History of Western Civilization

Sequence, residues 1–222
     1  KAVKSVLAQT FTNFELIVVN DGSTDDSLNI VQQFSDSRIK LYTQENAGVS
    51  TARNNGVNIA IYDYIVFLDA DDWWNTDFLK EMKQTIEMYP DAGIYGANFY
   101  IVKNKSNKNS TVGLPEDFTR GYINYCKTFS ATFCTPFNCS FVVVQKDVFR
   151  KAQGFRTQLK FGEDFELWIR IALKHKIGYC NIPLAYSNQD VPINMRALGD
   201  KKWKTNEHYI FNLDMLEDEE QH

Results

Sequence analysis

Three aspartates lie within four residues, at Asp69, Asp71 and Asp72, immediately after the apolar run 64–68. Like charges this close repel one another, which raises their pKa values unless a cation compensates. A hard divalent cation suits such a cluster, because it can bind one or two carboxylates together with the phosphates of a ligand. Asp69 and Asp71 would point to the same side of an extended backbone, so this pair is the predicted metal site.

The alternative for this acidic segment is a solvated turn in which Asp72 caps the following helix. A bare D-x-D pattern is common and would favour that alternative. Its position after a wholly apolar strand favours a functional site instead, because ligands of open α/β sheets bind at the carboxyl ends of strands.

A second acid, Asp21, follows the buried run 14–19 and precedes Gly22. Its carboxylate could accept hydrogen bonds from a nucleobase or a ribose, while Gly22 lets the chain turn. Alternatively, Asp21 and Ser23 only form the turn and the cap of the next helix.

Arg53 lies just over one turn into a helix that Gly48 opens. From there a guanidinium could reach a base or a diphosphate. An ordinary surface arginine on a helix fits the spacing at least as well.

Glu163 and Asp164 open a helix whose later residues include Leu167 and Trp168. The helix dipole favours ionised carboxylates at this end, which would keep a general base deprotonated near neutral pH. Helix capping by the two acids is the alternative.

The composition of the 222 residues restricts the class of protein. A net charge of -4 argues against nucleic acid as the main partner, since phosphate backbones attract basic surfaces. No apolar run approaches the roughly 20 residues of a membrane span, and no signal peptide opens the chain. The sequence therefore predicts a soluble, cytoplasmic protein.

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The History of Western Civilization has proven to be one of the most imperative demonstrations of leadership, power, women, morality and immorality discussed in the many primary sources read throughout this semester. However, in this particular piece, we will look into depth and analyze how “Power” played such an important role in the ancient world. To help accurately discuss the textual analysis, quotes will be used from the text, Sources for the History of Western Civilization, edited by Michael Burger. The quotes extracted from the sources will be utilized as evidence help better explain how power was both acquired and lost, as well as comparing how the ideals of the philosophers and realities of the every-day varied. Our efforts will also attempt to construe the most important sources of power that had developed of that time. As an illustration, a concise look into the source, The Deeds of the Divine Augustus, will give us first glance at the magnitude of power that Roman monarchs such as Augustus held between 31 BC and AD 14. According to the prologue, Augustus’ power had begun soon after an important encounter where he had triumphed to victory over Marc Antony and Cleopatra in 31 BC during the battle of Actium. Its significance was proven to be strong because it had led to the fall of the Roman Republic and allowed the establishment of the Roman Empire. The Roman would soon become an important figure for performing such a feat and be awarded to hold a seat in the consul and gain dominant power. “I have triumphed twice in the ovation, and three times in the Curule triumph, and I have been saluted as imperator 21 times. After that, when the Senate decreed many more triumphs for me, I declined them,” Said Augustus. Among the power which he had already had, the government still had showered him with even more titles. This could have been a sign that they too were intimidated of what could come of the Roman. “I did not accept the dictatorship, which was...
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